One such program is sponsored by the Missile Defense Agency (MDA) and targets the development of new and more effective counterfeit screening techniques for Field Programmable Gate Arrays (FPGA’s). FPGA’s are used extensively in the defense industry because of their flexibility and wide range of available functions. They are often the “brains” of the system they are designed into, where failures caused by counterfeit devices could lead to catastrophic consequences.

Another is DARPA’s Supply Chain Hardware Integrity for Electronics Defense (SHIELD) program. The goal of DARPA’s SHIELD program is to eliminate counterfeit integrated circuits from the electronics supply chain by making counterfeiting too complex and time-consuming to be cost-effective. SHIELD aims to combine NSA-level encryption, sensors, near-field power and communications into a microscopic-scale chip capable of being inserted into the packaging of an integrated circuit.

Although the industry is doing much more to thwart the incursion of counterfeit semiconductors into the DOD supply chain than ever before, there is no realistic end in sight. Continued diligence is required in employing the initially developed mechanical counterfeit detection techniques as well as the even more effective comprehensive electrical test techniques. The counterfeiters will be relentless – it will take the combined efforts of the DOD, academia, the original semiconductor manufacturers and independent test labs to ultimately bring this threat under control.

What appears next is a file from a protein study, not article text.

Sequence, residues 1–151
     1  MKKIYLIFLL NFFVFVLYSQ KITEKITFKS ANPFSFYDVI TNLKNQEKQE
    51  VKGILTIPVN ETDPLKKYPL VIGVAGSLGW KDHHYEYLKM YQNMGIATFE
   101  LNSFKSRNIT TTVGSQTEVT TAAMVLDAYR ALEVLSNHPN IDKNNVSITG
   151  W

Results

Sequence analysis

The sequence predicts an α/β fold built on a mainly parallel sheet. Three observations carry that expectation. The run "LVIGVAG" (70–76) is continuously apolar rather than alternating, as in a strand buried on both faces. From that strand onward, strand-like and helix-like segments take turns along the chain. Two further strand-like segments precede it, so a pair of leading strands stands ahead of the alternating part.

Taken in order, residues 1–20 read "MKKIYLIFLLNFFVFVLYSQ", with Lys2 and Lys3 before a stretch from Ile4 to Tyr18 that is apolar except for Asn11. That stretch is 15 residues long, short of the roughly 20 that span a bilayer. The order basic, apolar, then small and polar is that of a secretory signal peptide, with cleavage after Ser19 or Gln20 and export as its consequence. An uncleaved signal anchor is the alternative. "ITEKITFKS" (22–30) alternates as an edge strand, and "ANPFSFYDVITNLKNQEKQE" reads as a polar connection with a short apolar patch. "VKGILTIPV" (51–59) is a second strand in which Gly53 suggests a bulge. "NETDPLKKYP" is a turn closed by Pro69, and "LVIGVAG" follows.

This article was written by Joseph L Holt, Vice President, Integra Technologies LLC (Wichita, KS). For more information, Click Here .

Aerospace & Defense Technology Magazine

This article first appeared in the December, 2015 issue of Aerospace & Defense Technology Magazine.